The province is extending its vaccine certificate program through to June 30 but is leaving the door open to making “adjustments” if the COVID-19 situation improves before then.
The B.C. vaccine card program was due to expire Jan. 31 and was widely expected to be extended after provincial health officer Dr. Bonnie Henry said repeatedly since December an extension was under consideration.
“If we are in a better place before June 30, however, we will look to make adjustments,” she said during a Tuesday briefing.
The vaccine certificates, which are required to enter discretionary venues such as restaurants or cinemas, were introduced in September 2021 as COVID-19 cases were heading upward amid the Delta variant wave.
Provincial authorities slated a Jan. 31, 2022, end date at that time with the possibility of extending it past the end of this month.
Since then, the Omicron variant has sent cases surging to all-time records in B.C. as well as other jurisdictions across the globe.
The Omicron variant is associated with milder symptoms than the Delta variant, but is considered to be far more transmissible and prone to more breakthrough cases among fully vaccinated people.
“In terms of the vaccine card, it has been very effective. Again, it does not eliminate the risk but we do know and we continue to see that if you’re not vaccinated, your risk – your personal risk – has gone up dramatically with Omicron,” Henry said.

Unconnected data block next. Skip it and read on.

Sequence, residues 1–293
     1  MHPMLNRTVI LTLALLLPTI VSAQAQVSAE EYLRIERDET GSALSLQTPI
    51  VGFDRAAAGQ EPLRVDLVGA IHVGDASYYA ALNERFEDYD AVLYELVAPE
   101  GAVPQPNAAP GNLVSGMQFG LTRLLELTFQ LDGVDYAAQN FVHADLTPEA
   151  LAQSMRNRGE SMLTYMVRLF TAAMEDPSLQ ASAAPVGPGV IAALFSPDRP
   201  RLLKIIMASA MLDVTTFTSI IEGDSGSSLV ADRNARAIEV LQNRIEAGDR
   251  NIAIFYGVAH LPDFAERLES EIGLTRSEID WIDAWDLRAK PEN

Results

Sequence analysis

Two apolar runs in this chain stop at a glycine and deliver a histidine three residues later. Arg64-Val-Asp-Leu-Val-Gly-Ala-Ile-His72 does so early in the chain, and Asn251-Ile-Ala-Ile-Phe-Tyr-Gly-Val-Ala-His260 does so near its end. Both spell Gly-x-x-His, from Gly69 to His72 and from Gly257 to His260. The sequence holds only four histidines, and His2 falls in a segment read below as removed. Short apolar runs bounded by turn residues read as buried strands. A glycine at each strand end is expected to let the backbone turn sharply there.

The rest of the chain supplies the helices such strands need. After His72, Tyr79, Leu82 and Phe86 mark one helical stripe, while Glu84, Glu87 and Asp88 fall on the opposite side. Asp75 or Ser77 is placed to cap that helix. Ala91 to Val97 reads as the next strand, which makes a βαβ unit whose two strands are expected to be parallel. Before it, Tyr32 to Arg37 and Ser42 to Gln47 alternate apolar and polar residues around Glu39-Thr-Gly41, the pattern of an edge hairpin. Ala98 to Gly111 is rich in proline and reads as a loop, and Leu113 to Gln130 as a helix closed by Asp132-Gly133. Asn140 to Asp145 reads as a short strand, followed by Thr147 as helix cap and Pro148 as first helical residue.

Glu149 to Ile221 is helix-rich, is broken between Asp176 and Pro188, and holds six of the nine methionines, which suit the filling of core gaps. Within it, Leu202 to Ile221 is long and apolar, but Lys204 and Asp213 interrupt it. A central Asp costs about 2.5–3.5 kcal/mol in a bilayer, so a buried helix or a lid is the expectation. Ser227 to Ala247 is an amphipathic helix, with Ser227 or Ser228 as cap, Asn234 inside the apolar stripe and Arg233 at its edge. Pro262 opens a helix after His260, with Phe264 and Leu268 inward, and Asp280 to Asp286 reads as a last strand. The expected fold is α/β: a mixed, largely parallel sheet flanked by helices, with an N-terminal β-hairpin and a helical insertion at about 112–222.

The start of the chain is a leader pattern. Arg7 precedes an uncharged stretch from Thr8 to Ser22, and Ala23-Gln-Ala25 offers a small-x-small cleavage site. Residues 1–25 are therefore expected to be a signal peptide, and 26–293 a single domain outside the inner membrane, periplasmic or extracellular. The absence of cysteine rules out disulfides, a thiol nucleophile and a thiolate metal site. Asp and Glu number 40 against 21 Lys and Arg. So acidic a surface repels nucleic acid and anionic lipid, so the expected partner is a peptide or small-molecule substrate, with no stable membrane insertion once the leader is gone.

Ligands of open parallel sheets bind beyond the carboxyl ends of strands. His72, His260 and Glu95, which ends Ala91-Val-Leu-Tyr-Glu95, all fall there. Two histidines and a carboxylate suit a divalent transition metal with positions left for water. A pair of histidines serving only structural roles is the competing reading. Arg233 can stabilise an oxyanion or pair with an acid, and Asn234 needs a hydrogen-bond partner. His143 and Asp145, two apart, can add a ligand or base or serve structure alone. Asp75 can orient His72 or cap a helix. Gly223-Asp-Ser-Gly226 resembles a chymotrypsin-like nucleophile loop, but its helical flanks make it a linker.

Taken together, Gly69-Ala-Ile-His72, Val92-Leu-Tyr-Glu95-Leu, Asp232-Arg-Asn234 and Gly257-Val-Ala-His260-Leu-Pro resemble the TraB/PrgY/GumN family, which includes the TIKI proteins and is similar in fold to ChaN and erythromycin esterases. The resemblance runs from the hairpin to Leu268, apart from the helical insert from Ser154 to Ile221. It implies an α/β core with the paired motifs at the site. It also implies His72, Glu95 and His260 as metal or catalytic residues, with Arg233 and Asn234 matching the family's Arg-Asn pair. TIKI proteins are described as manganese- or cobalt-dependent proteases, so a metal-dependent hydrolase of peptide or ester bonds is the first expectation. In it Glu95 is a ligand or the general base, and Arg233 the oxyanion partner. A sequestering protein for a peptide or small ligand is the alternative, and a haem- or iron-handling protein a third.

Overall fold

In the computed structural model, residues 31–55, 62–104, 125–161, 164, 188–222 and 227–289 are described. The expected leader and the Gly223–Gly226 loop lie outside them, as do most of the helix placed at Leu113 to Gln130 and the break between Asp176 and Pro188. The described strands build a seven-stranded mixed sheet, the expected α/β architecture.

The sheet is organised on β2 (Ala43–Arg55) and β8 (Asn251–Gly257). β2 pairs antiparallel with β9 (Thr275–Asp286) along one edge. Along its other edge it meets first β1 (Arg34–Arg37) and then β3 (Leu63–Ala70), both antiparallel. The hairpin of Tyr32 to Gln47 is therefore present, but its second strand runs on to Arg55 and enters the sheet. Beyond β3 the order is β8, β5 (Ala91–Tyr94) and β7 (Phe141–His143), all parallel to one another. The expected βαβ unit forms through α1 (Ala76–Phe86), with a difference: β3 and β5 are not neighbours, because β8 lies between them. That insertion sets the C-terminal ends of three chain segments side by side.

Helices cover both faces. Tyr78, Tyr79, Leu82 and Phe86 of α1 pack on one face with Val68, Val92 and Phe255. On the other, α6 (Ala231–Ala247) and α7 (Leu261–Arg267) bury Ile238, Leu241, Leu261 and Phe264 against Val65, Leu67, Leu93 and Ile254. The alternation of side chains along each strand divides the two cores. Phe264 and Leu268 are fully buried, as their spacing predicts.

While the province is the midst of a booster dose campaign, the vaccine card is meant to confirm whether someone is fully vaccinated. The province defines that as someone who has received two doses of a COVID-19 vaccine (boosters are the third dose).
“I don’t expect to add a booster dose as being part of it,” Henry said, referring to how the government defines whether someone is fully vaccinated.
Among the reasons for that, she said, is some people have not yet had the chance to become eligible for a third shot.
Last week, the province administered 350,000 booster doses and Health Minister Adrian Dix said he expects the same number to be administered this week.
He urged the 624,000 British Columbians — 48,070 of whom are over the age of 70 — who have not yet booked an appointment for a booster after receiving an invite to go ahead and schedule their shots.
Meanwhile, earlier Tuesday, the National Advisory Committee for Immunization (NACI) recommended immunocompromised children ages five to 11 receive a booster dose four to eight weeks after their second dose.
NACI had previously stated boosters may be offered to such children.
Henry said she was pleased NACI was strengthening its prior recommendations with the new language it was using.